What is a private cloud? [ And some things that it’s not]

Private cloud is a well-defined term that government standards groups and the commercial cloud industry have pretty much agreed upon, and while some think its use is waning, recent analysis indicates that spending on private cloud is still growing at a breakneck pace.

A study by IDC projects that sales from private-cloud investment hit $4.6 billion in the second quarter of 2018 alone, which is a 28.2 percent increase from the same period in 2017.

So why are organizations attracted to private cloud?

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Source: Network World

Making better use of your Linux logs

Linux systems maintain quite a collection of log files, many of which you are probably rarely tempted to view. Some of these log files are quite valuable though and options for exploring them might be more interesting and varied than you imagine. Let’s look at some system logs and get a handle on some of the ways in which log data might be easier to probe.

Log file rotation

First, there’s the issue of log rotation. Some Linux log files are “rotated”. In other words, the system stores more than one “generation” of these files, mostly to keep them from using too much disk space. The older logs are then compressed, but left available for a while. Eventually, the oldest in a series of rotated log files will be automatically deleted in the log rotation process, but you’ll still have access to a number of the older logs so that you can examine log entries that were added in the last few days or weeks when and if you need to look a little further back into some issue you’re tracking.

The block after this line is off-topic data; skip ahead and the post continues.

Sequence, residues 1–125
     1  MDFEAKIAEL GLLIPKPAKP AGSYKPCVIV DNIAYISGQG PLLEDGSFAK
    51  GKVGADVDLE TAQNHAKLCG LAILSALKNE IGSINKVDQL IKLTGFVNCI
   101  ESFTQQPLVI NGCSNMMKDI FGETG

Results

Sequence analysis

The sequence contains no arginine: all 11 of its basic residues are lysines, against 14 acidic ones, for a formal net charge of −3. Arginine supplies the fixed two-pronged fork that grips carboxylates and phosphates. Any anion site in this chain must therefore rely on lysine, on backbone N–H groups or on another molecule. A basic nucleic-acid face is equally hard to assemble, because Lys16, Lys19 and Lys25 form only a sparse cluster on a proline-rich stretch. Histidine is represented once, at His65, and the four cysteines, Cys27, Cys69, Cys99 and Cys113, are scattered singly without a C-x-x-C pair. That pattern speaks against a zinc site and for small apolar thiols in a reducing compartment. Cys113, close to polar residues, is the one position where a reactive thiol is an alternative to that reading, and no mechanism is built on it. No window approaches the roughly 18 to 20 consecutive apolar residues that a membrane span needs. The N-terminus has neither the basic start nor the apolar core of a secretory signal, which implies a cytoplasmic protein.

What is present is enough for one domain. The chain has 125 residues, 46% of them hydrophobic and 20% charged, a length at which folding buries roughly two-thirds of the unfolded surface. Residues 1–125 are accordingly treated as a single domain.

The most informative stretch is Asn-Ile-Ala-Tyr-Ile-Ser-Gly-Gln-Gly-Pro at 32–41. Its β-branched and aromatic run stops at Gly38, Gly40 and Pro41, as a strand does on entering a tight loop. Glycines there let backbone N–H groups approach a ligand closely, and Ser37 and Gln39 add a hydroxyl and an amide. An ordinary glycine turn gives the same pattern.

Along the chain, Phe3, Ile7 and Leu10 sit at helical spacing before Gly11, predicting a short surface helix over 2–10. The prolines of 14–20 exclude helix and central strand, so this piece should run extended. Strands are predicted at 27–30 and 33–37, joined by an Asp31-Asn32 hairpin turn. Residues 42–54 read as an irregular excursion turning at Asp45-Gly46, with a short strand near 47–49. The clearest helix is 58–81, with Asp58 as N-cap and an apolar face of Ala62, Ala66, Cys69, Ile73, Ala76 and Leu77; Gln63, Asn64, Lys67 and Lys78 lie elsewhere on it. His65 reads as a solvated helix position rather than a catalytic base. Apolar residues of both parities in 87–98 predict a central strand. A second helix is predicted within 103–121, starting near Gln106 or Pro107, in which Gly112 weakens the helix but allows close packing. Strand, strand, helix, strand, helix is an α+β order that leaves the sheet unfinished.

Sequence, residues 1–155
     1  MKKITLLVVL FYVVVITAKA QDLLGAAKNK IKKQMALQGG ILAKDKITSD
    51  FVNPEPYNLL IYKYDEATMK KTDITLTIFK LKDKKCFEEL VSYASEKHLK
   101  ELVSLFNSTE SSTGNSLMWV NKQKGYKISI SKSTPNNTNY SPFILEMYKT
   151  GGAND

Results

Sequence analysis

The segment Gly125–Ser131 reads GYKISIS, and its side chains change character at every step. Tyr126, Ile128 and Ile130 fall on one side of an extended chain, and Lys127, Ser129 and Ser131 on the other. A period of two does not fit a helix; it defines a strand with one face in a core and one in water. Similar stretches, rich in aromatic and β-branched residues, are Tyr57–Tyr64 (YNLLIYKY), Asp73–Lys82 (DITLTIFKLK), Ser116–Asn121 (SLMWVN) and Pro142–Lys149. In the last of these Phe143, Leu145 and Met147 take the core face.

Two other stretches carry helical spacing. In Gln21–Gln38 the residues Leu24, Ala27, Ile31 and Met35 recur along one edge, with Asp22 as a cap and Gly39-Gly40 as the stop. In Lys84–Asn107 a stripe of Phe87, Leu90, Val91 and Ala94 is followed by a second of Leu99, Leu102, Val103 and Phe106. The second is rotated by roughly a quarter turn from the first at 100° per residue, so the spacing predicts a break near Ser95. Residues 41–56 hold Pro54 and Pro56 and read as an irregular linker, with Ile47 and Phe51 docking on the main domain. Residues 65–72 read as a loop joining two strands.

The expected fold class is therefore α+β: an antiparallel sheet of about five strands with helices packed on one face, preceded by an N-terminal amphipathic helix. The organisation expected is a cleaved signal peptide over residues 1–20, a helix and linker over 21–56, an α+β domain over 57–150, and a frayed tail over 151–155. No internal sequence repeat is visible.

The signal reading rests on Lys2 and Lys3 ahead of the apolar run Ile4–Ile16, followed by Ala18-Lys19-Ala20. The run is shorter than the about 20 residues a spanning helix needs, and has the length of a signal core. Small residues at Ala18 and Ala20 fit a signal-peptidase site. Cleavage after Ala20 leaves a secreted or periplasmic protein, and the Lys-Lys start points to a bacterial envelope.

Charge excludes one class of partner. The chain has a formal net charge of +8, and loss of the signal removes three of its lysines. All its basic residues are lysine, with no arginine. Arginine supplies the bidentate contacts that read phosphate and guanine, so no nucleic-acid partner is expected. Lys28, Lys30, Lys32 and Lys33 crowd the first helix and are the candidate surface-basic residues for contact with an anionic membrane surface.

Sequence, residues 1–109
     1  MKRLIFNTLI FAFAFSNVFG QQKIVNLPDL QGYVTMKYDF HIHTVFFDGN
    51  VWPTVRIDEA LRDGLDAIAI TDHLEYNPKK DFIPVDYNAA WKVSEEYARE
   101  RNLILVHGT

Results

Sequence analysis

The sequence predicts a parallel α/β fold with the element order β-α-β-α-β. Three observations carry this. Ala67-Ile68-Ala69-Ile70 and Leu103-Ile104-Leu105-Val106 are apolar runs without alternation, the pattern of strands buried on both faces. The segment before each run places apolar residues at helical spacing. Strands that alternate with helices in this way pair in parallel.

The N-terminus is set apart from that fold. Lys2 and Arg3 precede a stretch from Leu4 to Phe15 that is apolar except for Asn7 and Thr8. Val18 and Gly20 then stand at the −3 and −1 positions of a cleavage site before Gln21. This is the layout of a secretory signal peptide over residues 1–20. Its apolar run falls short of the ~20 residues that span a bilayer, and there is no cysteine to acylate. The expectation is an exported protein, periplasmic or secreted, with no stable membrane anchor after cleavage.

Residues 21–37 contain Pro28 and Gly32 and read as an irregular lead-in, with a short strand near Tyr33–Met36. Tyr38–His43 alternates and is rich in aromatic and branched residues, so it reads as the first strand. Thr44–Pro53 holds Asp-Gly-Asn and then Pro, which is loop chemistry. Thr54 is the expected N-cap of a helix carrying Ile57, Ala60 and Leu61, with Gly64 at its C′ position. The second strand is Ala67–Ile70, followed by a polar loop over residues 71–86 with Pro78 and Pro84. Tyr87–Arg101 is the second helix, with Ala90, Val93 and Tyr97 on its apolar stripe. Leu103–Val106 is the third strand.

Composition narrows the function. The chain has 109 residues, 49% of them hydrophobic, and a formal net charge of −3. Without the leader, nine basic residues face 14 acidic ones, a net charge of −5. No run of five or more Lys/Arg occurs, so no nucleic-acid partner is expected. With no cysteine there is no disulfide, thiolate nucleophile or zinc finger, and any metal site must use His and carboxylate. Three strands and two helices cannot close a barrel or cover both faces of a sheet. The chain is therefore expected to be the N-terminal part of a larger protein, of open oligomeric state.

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Source: Network World

BrandPost: When Will We Be Able to Purchase 802.11ax Access Points and Client Devices?

Today we focus on when new 802.11ax access points and client devices will become available. The Wi-Fi industry has made these questions uniquely difficult to answer, but this blog explains what we expect to happen. If you have the patience, save these predictions for rereading toward the end of 2019!

The three important milestones along the path to commercial equipment are the IEEE 802.11ax standard, the Wi-Fi Alliance 11ax certification, and integrated circuit chips. These are a sequence in time, but with a lot of overlap.

The First Milestone: IEEE
The IEEE writes standards: very detailed definitions of the packet formats, fields, and functions that make the protocols work. IEEE 802.11ax is written as an amendment to the current 802.11 standards and eventually will be folded into the mainstream 802.11 document. Even as an amendment, however, it is 600 pages long. Getting every detail of such a standard correct requires scrutiny from many experts, and the IEEE process involves reviewing drafts and submitting comments and corrections, which then update new drafts, and are reviewed again.

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Source: Network World

Gartner: Digital business projects in a quagmire? Hack your culture!

ORLANDO – If you are a CIO or business leader an are having trouble moving forward on a new or existing digital business project, you should hack your current IT culture to get things moving.